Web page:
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Fishers proposes property tax increase to pay for Nickel Plate Railroad transformation

Posted at 7:03 PM, Sep 17, 2018
and last updated 2018-09-18 05:58:47-04

FISHERS, Ind. -- Fishers’ mayor has big plans for the Nickel Plate Railroad, and he wants taxpayers to help fund its transformation. 

The city of Fishers wants to transform the rail line -which has gone unused for the past two years - into a pedestrian walking trail.

To cover those costs, the city has proposed a property tax increase of 4 cents per $100 of assessed home value. The increase would mean that someone owning a home that costs $200,000 would have to pay an additional $80 per year.

The city says they estimate constructing the first phase of the project between 106th and 126th streets will cost about $4 million. The rest of the money from the project will go toward road improvement projects and police and fire.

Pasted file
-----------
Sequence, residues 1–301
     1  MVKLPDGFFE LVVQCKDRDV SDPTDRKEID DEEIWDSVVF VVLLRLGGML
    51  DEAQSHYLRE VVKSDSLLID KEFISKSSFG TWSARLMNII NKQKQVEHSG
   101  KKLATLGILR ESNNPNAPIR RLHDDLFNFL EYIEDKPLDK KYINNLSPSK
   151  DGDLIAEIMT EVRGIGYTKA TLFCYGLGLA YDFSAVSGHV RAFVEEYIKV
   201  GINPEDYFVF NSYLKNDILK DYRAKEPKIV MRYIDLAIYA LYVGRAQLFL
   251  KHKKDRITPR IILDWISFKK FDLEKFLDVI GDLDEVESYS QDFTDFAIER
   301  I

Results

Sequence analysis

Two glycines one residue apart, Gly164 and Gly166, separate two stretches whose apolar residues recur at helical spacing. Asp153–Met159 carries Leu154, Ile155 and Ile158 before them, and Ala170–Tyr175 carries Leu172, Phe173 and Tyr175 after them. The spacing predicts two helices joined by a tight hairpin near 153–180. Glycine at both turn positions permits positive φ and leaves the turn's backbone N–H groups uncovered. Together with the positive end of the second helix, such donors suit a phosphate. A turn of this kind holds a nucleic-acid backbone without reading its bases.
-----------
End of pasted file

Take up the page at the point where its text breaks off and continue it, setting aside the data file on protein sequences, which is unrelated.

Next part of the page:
Some Fishers residents support the increase and the construction on the Nickel Plate Railroad.

“The railroad wasn’t being used anyway except for once a year,” Tony Watt said. “To find a different use for it as something that families could use, I mean kids and adults alike.”

Others aren’t too happy about the thought of paying even more in taxes.

“I do not need another property tax, that’s for sure,” said Patricia Colvin. “A lot of these people that live here, we are on fixed income, and we would just not be happy.”

Two years ago, the train was found to be unsafe and is no longer in use – which is why the city came up with the idea to transform it into a pedestrian trail.

But a group leading the charge against that plan says they feel their concerns have fallen on deaf ears, and they’re still hoping the city will reconsider tearing up the old rail line.

“To throw it away for a trail, I don’t think that’s appropriate action here,” said Logan Day, spokesperson for “Save the Nickel Plate.” They need to be looking at combining uses and multi-modal transportation, that’s what we need. If you can save one and build another, do that.”

The budget proposal will be presented at Monday evening’s city council meeting. The council will then have the opportunity to make changes before they vote on it in late October.

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